Oregon Divorce Lawyers

We know going through a divorce can feel like you’re losing control of the things that are most important to you. During these challenging times, it is critical to have a trusted professional to walk you through each step of the Oregon divorce process.  We make it our mission to provide the legal support you need and deserve.

Division of Property and Assets

Oregon law requires marital property be divided equitably in a manner that is just and proper in all the circumstances. All marital property is subject to being divided by the court in divorce. Oregon law considers marital property all real and personal property of either spouse, regardless of whether it is held jointly or individually or acquired before the marriage. The fact that one spouse holds the sole title to a particular item of property does not prevent the family law judge from awarding it to the non-titled spouse.

Marital assets are those items of property acquired by either spouse during the marriage. The law carries a rebuttable presumption that both Husband and Wife have contributed equally to obtaining assets during the marriage, regardless of whether the property is held jointly or separately. This means that without evidence to the contrary, the family law judge will assume both parties contributed equally to the acquisition of these assets, and should therefore receive an equal share of the value of that property in divorce.

An Oregon family law judge considers several different factors in determining what is fair when dividing marital property, including either spouse’s contribution as a homemaker.  Our attorneys understand every marriage is unique and that an equal division of property is not always appropriate under the circumstances. Let us help you achieve the property award you desire. Call our law office today to speak with an attorney about your marital property concerns.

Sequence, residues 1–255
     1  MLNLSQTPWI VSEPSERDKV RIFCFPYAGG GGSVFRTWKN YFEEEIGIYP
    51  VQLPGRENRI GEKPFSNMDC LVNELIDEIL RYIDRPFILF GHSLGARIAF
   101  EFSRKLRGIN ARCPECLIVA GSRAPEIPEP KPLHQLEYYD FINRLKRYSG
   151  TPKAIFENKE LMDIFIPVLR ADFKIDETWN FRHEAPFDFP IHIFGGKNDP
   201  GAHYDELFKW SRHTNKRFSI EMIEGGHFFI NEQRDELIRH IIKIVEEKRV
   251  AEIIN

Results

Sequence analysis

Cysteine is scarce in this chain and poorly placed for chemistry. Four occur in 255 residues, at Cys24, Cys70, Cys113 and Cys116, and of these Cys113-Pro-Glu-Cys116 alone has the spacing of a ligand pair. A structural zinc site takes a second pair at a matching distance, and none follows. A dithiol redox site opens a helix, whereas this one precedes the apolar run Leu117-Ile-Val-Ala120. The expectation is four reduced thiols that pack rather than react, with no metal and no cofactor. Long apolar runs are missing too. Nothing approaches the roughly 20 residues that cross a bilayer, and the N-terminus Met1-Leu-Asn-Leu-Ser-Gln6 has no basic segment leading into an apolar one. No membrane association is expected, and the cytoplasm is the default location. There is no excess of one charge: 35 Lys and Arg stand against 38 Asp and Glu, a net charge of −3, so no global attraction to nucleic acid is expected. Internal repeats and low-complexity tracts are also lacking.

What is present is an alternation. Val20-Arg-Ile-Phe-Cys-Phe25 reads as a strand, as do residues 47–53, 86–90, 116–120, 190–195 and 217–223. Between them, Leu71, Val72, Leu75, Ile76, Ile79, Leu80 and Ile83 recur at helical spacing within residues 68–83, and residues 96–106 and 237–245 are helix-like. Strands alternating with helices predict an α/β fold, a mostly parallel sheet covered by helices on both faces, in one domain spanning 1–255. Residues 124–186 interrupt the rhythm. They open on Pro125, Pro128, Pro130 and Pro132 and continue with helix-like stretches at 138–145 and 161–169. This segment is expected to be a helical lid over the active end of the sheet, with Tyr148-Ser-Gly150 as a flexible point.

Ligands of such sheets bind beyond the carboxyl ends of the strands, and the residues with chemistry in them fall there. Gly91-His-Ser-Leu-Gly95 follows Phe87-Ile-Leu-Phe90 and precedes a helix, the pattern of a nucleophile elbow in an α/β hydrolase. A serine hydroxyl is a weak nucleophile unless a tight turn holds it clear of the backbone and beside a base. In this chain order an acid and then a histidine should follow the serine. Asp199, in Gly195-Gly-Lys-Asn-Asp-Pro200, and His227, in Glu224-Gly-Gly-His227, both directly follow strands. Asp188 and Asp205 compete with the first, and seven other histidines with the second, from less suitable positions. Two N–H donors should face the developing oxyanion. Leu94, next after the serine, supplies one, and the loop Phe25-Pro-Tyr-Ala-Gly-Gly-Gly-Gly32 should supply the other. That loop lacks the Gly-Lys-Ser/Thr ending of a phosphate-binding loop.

Spousal Support ("Alimony")

Spousal support (also called “alimony”) is money paid by one spouse or domestic partner to the other.  Spousal support is tax deductible to the spouse paying support, and taxable as income to the spouse receiving support.

Determining the Amount and Duration of Spousal Support

The family law judge determines the amount and duration of spousal support after considering a number of factors. There are no specific calculations that go into determining the spousal support award. Some of the factors the judge considers include:

  • Length of the marriage or domestic partnership
  • Training, education level, and work experience
  • The financial needs and resources of each party
  • Ability of either party to pay support to the other party
  • The age and health of both parties

Types of Spousal Support

  • Oregon law provides for three primary areas of spousal support: transitional support, compensatory support, and spousal maintenance. The family law judge can order one, two or all three types of spousal support in divorce.
  • Transitional spousal support is common when there is a need for one party to attain education and training necessary to allow the party to reenter the job market. Transitional support is designed to enable one party to reintegrate into the job market and become self-sufficient.